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Dubai welcomes 45,000 new businesses in 2022 … so far

dubai business Creative Commons
The increase in company licences highlights the impact of Dubai's new business incentives
  • Government’s new business incentive initiatives provide boost
  • Companies still cite challenges of opening bank account and inflation

Dubai has seen a 25 percent rise in the number of new company licences issued in the first six months of 2022, highlighting the impact of the government’s new business incentive initiatives.

“As a corporate services provider, I have seen first-hand a significant rise in foreign direct investment into the UAE from several geographies directly attributable to the ability to have 100 percent foreign ownership,” said Helen Barrett, partner at CBD Corporate Services and deputy chair of the British Business Group.

“We have noticed an uptick of new businesses within the emerging technology sector including crypto, fintech and cashless payments. 

“This is underpinned by the recent introduction of new laws governing virtual assets which places the UAE at the forefront of governance within this sector,” she added.

Making banks accountable

While a total of 45,653 new licences were issued in the first half of this year, and liberalised regulations and procedures have simplified business set up, some Dubai company owners still point to local challenges, such as establishing a bank account and the rising cost of materials.

A report published in May by identity verification platform IDnow Middle East, which surveyed more than 1,000 people, found that opening a bank account is still the biggest hurdle entrepreneurs and business founders face in the UAE. 

“It took me three business days to get the license without leaving my home. The biggest challenge was getting a business bank account – the process is gruelling and lacks transparency,” said Naira Bhutta, owner of VersaTile, a company which sells decorative ceramic tiles and was set up in February.

“I still have one pending application initiated four months ago from a well-established bank which I eventually stopped pursuing,” she added.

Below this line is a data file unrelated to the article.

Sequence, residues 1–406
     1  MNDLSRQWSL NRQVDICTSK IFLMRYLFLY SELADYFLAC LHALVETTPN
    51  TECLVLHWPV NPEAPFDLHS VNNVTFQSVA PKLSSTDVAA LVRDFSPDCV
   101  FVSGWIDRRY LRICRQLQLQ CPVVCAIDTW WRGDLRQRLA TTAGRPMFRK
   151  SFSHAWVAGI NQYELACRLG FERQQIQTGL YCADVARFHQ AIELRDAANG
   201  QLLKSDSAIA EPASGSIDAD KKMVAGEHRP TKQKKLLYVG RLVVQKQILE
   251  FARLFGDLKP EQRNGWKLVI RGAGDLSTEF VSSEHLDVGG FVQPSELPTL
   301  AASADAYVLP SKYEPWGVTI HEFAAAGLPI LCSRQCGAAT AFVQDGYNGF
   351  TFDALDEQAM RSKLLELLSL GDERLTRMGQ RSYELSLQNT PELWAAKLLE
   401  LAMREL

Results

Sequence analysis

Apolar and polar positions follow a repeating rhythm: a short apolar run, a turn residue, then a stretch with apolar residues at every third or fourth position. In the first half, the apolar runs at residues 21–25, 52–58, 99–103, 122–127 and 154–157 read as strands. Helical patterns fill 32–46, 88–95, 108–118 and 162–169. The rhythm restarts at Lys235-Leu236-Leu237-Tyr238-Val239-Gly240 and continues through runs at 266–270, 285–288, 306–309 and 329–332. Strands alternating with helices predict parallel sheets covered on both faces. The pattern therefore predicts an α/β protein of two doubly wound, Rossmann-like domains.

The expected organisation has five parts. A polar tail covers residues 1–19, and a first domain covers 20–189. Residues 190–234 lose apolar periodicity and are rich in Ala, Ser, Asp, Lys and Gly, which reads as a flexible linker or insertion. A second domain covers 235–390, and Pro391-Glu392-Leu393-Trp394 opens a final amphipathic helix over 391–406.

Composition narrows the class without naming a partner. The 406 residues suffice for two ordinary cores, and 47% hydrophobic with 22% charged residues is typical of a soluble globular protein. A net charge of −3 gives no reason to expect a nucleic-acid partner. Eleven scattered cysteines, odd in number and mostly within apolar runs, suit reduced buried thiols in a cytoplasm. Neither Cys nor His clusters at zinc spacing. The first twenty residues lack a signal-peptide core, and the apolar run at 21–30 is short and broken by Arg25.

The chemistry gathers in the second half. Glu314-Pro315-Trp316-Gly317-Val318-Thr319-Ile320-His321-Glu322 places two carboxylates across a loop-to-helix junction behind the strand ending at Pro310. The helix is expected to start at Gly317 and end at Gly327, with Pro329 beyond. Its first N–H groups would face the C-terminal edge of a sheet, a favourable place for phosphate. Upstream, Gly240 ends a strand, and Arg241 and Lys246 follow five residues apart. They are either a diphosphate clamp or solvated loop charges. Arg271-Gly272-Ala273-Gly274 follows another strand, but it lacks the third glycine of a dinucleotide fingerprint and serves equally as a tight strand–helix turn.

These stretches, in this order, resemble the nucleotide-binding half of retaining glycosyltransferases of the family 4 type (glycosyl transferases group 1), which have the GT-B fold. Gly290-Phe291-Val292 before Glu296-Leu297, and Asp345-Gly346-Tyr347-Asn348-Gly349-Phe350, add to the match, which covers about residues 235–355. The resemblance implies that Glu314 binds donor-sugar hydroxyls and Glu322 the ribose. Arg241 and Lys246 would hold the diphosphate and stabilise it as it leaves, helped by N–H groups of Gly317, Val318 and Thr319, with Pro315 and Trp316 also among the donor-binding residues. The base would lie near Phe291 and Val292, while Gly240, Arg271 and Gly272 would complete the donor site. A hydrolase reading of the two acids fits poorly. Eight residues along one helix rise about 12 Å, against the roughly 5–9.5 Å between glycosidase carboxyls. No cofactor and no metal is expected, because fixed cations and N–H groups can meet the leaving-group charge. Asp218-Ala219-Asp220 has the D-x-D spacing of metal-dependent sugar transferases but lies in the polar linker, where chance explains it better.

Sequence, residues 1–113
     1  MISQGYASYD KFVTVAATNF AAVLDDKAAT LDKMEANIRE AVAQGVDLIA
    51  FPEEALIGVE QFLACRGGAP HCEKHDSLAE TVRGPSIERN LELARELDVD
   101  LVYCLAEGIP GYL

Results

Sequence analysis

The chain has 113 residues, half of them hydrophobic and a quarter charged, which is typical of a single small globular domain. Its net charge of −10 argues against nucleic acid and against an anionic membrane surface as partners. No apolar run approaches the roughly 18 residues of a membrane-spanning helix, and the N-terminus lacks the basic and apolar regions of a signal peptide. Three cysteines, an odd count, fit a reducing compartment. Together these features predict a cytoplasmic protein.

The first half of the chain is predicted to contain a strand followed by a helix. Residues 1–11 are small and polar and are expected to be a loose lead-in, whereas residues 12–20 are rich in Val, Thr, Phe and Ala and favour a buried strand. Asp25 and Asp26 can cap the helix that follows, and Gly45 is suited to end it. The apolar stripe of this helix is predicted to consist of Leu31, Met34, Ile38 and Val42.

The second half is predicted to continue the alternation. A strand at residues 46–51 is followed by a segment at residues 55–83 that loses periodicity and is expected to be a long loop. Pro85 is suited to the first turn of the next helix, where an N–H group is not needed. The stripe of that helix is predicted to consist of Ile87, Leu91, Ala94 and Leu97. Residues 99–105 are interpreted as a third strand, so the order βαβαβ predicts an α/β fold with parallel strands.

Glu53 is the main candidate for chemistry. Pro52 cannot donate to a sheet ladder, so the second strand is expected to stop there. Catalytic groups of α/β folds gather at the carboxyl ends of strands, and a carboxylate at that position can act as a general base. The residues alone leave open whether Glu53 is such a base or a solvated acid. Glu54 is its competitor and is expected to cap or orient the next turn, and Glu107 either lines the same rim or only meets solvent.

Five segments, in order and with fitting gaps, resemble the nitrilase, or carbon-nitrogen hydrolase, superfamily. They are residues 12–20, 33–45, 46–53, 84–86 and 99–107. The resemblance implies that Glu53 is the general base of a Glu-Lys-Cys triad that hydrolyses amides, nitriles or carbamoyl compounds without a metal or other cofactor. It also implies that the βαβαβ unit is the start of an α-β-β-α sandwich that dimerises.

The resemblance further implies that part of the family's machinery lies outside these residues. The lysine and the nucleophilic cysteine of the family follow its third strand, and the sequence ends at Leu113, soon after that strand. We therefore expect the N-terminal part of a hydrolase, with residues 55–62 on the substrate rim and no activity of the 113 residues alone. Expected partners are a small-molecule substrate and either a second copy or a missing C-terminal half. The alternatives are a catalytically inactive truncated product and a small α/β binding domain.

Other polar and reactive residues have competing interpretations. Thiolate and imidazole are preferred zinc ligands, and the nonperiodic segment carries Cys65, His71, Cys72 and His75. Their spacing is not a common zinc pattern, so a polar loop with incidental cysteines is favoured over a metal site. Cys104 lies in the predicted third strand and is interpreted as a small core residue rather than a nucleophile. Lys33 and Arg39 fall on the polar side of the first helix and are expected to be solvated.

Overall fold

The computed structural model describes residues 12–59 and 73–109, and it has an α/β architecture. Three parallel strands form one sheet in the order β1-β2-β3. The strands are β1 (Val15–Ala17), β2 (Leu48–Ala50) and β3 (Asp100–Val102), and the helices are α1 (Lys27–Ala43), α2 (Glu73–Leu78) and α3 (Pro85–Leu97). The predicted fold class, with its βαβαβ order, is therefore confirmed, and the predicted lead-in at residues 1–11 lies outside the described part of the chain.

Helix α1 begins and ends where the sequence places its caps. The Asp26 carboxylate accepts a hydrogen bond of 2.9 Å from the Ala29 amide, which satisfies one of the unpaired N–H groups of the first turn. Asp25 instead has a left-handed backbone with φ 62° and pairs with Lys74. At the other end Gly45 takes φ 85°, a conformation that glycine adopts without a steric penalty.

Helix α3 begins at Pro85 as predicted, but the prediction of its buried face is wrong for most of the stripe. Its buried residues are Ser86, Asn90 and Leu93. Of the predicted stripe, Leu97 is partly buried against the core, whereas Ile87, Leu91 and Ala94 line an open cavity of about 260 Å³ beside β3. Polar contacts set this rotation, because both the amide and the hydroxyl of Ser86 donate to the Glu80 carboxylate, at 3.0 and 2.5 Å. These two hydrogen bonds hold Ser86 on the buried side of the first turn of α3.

“This would be the one area I feel many entrepreneurs face a huge challenge and could use improvement. I was only able to start trading seven weeks after getting my license due to delays in getting a business bank account set up.” 

Inflation nation

The latest S&P Global UAE Purchasing Managers’ Index (PMI), published earlier this month, found that businesses in the UAE’s non-oil sector continue to squeeze profits rather than hike prices, as energy costs climb at the fastest pace for 11 years, according to a new survey. 

Irene Balan, CEO of Midori Beauty Salon, who launched her business in June,  praised the Dubai government for making it “relatively easy for aspiring startups to explore their business dreams”.

She has so far been one of the few to be able to avoid the worst of the rising costs.

“We were lucky to purchase inventory at 2021 prices, which has greatly helped. We are using the current phase to ramp up marketing and outreach, so we have not yet been significantly impacted by the high inflation numbers,” she said.

The UAE’s free zone business model, which provides private enterprises with infrastructure, zero taxes and 100 percent ownership, has been successful over the years. 

Dubai alone is home to more than 30 free zones targeting sectors such as transport and logistics, healthcare, media and technology, but for some new startups the sheer range of choice – and finding out which license they need – can amount to the biggest setup hurdle.

“On the whole, the government is doing a fantastic job of supporting small businesses,” said Donna Burfield, owner of Joy and Purpose Coaching and Consulting.

“The one thing that would help many startups (because we do make a lot of mistakes at the beginning) would be to make the business license process easier to understand.”

She added: “There are so many companies who say they can help and then give you the wrong license and then charge you for additional activities that you didn’t know you would need.”

Strength in numbers

One option to gain knowledge of the market and the legal and commercial requirements is to network with other business owners.

Jen Blandos, founder of Female Fusion, a UAE-based community of female entrepreneurs set up in 2015 and with more than 20,000 members across a range of industry sectors, said she has seen the group’s number of paid members increase by around 335 percent since December 2021.

“For new businesses, what they really need help with is being able to keep costs low and be agile. We are constantly working with suppliers of business services to provide big discounts for our members,” said Blandos.

“Shipping and courier fees are a big expense for many SMEs in the UAE right now, and Aramex [the UAE logistics company] has been incredibly supportive by providing discounted rates for our members.”

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